Women are making great strides in education, pay and promotions. But there is one economic arena where women are slipping further behind men: billionaires.
Women make up only 11.7 percent of the world's billionaires, according to a study by Wealth-X, the wealth research firm. That's down from 11.9 percent in 2015.
The number of self-made women is even smaller. More than half of today's women billionaires inherited their wealth, compared with only 8 percent of male billionaires who inherited. In addition, 30 percent of women inherited a portion of their wealth, meaning that only 17 percent of today's women billionaires are self-made.
Forbes made a big deal about the number of women billionaires reaching a record 256 this year. But all of the top 10 women inherited part or all of their wealth, from the No. 1-ranked Alice Walton to L'Oreal heiress Francoise Bettencourt Meyers and the third-ranked Susanne Klatten, of BMW and pharma fortune.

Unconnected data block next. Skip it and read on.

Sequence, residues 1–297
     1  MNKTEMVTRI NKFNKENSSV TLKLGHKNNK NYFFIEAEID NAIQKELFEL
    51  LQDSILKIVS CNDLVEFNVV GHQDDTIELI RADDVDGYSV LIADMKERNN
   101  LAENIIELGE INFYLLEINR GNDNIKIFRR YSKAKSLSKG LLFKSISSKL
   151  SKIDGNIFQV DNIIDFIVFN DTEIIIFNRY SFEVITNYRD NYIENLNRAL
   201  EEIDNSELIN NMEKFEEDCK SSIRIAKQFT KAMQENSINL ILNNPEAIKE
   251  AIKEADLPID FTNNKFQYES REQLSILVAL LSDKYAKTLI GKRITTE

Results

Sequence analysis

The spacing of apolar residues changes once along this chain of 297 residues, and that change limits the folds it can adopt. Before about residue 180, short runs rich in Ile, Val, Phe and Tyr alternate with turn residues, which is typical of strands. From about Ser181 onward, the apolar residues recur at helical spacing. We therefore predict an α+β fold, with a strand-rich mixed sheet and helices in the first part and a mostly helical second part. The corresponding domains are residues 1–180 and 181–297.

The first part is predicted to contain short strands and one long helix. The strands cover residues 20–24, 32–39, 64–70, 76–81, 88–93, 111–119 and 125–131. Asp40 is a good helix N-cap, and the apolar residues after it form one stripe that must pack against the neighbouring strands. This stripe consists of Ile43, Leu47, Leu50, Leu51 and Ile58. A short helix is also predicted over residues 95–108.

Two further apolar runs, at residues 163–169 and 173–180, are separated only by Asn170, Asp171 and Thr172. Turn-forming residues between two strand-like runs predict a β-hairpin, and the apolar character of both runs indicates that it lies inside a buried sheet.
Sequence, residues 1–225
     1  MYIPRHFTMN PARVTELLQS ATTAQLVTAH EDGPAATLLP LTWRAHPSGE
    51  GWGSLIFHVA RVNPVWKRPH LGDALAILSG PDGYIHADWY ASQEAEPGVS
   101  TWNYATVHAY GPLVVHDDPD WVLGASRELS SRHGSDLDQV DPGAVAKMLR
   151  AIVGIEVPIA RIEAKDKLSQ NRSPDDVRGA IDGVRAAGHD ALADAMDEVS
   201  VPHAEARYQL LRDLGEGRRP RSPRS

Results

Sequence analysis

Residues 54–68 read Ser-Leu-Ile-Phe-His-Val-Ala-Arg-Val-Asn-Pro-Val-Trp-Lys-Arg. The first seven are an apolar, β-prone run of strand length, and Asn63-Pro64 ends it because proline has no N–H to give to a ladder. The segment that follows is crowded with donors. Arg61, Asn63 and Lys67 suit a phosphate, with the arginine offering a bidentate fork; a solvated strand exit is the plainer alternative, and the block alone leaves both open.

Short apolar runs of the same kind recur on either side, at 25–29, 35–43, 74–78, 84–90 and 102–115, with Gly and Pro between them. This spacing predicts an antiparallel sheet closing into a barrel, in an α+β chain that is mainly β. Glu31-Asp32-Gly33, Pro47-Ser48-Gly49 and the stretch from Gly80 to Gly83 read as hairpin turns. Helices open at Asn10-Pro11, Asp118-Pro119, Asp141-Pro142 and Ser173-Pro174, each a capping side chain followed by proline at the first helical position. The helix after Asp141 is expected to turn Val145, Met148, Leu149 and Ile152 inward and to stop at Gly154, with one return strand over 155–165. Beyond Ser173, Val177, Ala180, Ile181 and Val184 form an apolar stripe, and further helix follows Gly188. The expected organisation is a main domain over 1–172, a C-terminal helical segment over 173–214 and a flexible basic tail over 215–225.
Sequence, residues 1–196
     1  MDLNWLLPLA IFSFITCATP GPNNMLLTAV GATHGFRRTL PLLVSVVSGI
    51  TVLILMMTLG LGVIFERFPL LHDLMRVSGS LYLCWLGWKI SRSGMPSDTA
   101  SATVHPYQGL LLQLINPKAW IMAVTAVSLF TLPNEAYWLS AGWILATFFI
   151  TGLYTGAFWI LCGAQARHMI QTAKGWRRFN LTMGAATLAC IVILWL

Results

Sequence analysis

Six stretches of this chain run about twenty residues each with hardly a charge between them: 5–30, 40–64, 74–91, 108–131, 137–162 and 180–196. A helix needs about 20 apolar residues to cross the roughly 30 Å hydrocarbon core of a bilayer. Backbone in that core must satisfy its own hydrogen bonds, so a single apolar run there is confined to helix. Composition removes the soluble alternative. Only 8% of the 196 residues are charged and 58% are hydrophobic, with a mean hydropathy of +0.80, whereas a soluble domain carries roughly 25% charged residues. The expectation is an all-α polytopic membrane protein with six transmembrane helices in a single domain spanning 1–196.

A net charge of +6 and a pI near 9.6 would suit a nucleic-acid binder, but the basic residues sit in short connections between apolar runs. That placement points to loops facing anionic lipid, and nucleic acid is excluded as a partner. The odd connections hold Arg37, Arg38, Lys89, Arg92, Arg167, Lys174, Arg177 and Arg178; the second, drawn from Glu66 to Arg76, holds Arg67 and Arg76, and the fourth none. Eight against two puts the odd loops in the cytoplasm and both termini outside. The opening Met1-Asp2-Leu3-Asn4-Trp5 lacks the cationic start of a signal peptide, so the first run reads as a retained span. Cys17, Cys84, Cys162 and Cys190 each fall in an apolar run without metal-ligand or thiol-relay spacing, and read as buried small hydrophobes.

Women have accounted for only 10 percent to 12 percent of the Forbes list for years.
The question is why?
Some of the most-cited culprits are capital-raising and boardroom gender bias. Women entrepreneurs have a harder time raising capital for their business ideas and face largely male boards when trying to get the top CEO jobs or clients. Others cite cultural barriers to women entering the fields of technology and engineering, where many of today's billionaire tech founders get their start.
Author Jessica Knoll, in a New York Times op-ed titled "I Want to Be Rich and I'm Not Sorry," said the problem goes deeper. She said when they're growing up, "girls are expected to be caretakers, boys, the ones who will deliver a return. If you want to create your own wealth, the confidence to take calculated risks is a necessary skill. Placing the needs of others above your own is not."
Knoll also says that women need to learn to brag and to want more — like being able to "jet to Mexico on a Tuesday."
"If anyone calls that obnoxious, I want to do what men do, and shrug."